Then again, it may not. Usually, the sitting open valve dries out and sticks and just needs a little oil and a minor push. Sometimes, they're really rust and stick, or are too tight from previous work. Sometimes you have to remove the head and pull the valve out.
Drive carefully, and enjoy, W2
I can't reiterate the importance of not using a lot of pressure if you intend to push the valve down through the plug opening. They can bend quite easily. I have taken brand new valves out of the box and had them bent---I have a valve grinder I check them on.
The advice of putting oil to it is spot on, it may loosen back up and be fine, it may stick again. A Model T engine is one that does not pull a lot of oil to the valve train, sometimes it just gets gummed up. You can also try and pull the valve down by the valve spring retainer too, but here again, be careful with using too much force.
Anything used to tap the valve down through the spark plug hole will be meeting the valve head on an angle, and the risk of bending the valve is well up there. I suggest that the valve be pulled down via access when the side cover is removed. Even if you manage to bend it the bend will be below the valve guide and should not pose a problem. It will not take a big effort to set it loose, unless it is rusted, which means head off.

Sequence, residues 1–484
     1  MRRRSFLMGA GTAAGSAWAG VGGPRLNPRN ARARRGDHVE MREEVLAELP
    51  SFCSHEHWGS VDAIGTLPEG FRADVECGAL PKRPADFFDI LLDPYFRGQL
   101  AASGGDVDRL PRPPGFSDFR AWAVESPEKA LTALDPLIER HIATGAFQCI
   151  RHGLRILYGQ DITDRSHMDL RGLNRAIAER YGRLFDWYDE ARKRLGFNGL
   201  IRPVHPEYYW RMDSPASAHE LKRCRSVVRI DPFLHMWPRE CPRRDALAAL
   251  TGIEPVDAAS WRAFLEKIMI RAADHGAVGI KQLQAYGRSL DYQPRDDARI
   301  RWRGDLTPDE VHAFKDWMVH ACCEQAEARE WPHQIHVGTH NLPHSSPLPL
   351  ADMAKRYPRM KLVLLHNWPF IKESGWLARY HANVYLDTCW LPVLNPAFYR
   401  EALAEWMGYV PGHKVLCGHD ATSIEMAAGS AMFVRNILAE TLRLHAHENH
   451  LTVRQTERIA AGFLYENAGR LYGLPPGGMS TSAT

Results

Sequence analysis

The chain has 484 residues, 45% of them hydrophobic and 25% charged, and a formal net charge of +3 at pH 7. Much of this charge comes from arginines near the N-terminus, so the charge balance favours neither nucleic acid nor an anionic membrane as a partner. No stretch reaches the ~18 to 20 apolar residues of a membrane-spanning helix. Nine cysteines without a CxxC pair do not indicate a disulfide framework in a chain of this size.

Hope this helps.
Allan from down under
Is this the right time for a bit of ATF & Acetone?
If applying the lubrication thru the spark plug hole doesn't work you might remove the manifold and put oil on the top of the guide before pulling the head.
I say "What Allen Said"...A little Kroil sprayed with the tube on into the exhausted valve chamber...Let it soak in ,,and if it doesn't snap down on its own,,,a little twist will probably do it....If it sat for a long time,,a mouse may have taken up residence in there...Nuts ,seeds,,twigs,,Ask me how I know about that...If I was looking for a new home,,,that wouldn't have been my first choice....
Good luck ,,and remember "We're all in this thing together"..
Is ATF a brand name?
What about some other penetrating oil?
Should I be worried that the top of the valve breaking when the valve snaps back down?